Emergency payments of $ 1,200 are starting to arrive; Watch out for debt collectors: NPR

Seattle musician Begin Nora lost all of his income in the coronavirus pandemic. With three teenagers to feed, she and her husband are eager to get emergency government money.

Courtesy of Sonja Scarseth


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Courtesy of Sonja Scarseth


Seattle musician Begin Nora lost all of his income in the coronavirus pandemic. With three teenagers to feed, she and her husband are eager to get emergency government money.

Courtesy of Sonja Scarseth

Updated April 15 at 11:19 a.m.ET

These federal payments of $ 1,200 to help Americans get through the coronavirus crisis have started coming into some people’s bank accounts through direct deposit. But a lot of people will have to wait longer – and there could be pitfalls, such as debt collectors grabbing the money before you do.

Those who receive checks in the mail may not see them for weeks or even months. To get money faster, millions of people will need to provide direct deposit account information to the IRS.

The IRS is just starting to put online portals for people to do. the was first uploaded on Fridays, but that’s just for people who don’t have to file tax returns. Another tool, launched Wednesday, will allow anyone to provide the IRS with account information for direct deposit if the IRS doesn’t already have it.

Lauren Saunders, of the nonprofit National Consumer Law Center, hopes the system will soon have several options for receiving the money. “I hope they can set up direct deposit to a traditional bank account or to a prepaid account,” she says. So the government could load the money onto some type of debit card that doesn’t require you to have a bank account.

Millions of low-income Americans do not have traditional bank accounts. And Saunders and other consumer advocates fear the people who need the money the most won’t be able to get it fast.

Begin Nora lives in Seattle, where the pandemic first hit the United States.
She is a violinist and the events were pretty quickly canceled.

“I lost all my income,” says Nora. She usually makes a living playing and teaching music in schools and elsewhere. She has a lot of different jobs – “at least 12 different jobs, so it’s a huge confusing conglomerate of things.” So she struggled to figure out how to navigate the state’s website to file for unemployment.

Her husband earns just above the minimum wage in an auto repair shop. Her hours have been reduced and they have three teenagers.

“It’s very scary,” said Nora. “Especially since we were already … a low-income family. We rely on our local school’s food bank and take-out meals to school.”

So the couple are really looking forward to getting this emergency government money. Since both filed their taxes electronically, payment should be made automatically and by direct deposit. “I check my bank account every day to see if it has arrived,” says Nora.

But the couple are in debt. Nora’s husband suffered a hernia and they are struggling to pay an unexpected medical bill of over $ 5,000.

Of course, many low-income people have unpaid bills, which can lead to debt collectors. And Saunders fears that millions of Americans could have their emergency government payments pulled straight from their bank accounts.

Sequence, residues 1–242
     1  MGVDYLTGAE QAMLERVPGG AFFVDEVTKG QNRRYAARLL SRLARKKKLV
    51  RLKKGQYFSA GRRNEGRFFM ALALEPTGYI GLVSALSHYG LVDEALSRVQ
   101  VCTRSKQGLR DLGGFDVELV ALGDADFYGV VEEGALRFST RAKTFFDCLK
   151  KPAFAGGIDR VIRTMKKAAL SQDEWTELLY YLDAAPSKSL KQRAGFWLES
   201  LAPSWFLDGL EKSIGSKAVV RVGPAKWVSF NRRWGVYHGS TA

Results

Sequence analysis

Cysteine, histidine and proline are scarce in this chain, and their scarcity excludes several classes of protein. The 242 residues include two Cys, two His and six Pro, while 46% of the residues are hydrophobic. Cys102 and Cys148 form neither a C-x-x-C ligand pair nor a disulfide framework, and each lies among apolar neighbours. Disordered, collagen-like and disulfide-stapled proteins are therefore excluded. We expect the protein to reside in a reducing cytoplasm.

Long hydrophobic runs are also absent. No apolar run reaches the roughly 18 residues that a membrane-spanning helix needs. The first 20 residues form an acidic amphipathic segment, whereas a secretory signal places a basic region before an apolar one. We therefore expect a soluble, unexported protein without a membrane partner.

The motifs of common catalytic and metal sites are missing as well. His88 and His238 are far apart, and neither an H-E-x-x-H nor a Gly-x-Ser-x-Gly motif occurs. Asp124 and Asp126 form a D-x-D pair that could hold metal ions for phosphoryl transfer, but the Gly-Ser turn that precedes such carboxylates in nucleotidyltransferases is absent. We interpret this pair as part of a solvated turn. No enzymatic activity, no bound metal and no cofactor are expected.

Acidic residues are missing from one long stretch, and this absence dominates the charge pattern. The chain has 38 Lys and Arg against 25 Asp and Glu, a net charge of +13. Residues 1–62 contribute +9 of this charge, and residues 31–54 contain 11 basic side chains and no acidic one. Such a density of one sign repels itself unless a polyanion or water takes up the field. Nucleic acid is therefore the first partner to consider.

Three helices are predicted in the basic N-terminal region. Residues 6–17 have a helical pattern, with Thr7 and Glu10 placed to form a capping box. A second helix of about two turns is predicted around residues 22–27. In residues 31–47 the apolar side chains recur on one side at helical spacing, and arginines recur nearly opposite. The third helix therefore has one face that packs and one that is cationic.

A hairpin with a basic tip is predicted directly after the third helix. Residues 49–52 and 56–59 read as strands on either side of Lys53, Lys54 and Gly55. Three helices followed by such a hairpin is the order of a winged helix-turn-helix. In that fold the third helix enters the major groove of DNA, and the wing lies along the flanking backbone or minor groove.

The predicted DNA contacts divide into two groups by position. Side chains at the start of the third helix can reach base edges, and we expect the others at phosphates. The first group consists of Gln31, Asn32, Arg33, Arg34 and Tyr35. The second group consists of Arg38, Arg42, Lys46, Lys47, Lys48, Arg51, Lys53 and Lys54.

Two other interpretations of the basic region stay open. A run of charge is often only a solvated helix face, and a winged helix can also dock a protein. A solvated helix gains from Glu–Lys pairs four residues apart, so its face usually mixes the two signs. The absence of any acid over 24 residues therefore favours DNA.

“It happens to people all the time,” says Farah Majid, lawyer at Legal Services Alabama. She notes that debt collectors often obtain court judgments against people, which allows debt collectors to get money from people’s banks.

If debt collectors can find money in a bank account, she says, “they can just get the money back, so it’s very easy for them to collect their money that way.” Some states have protections, but many allow collectors to collect large sums of money, says Majid.

And she says when a big check comes in, like a tax refund, collectors can pounce. So now she fears that collectors are preparing to seize these emergency payments.

“That’s what really scares me,” she said. “The people who need this money are desperately dependent on it right now, which is why the government is giving it to them, then could turn around and lose it unexpectedly and have no options.”

But there is something the government could do to try to block debt collectors. There is already a system to protect benefits such as social security. These government payments are coded in a special way.

“Banks automatically know they shouldn’t let collectors grab that money,” says Saunders of the NCLC. “We are trying to make sure that these stimulus payments are coded in exactly the same way, because they are for food and basic necessities, just like social security payments.”

There are some bipartite support for that. In the meantime, if you think the debt collectors or payday lenders with access to your bank account could get the money back, advocates say you’ll probably want to be vigilant to get that money out before them. Or you could have the money sent to another bank account, or to a prepaid card if that becomes possible, advocates say.

There is something else to watch out for beyond debt collection. Unless you are on Social Security, if you have not filed income tax returns in the past two years, you will not receive payment automatically. And if you’ve filed a return but received a check in the mail, you’ll get the payment much faster by registering with the IRS for direct deposit.

The latest information on how to do this, as well as how much money you should expect based on your income and your children, can be found on this site. IRS web page.

For people without a bank account who want to open one, the Saunders nonprofit tells people to go to joinbankon.org. This site has suggestions on how to do this, even if you’ve had trouble with bank accounts in the past, so you can get your government payment faster.


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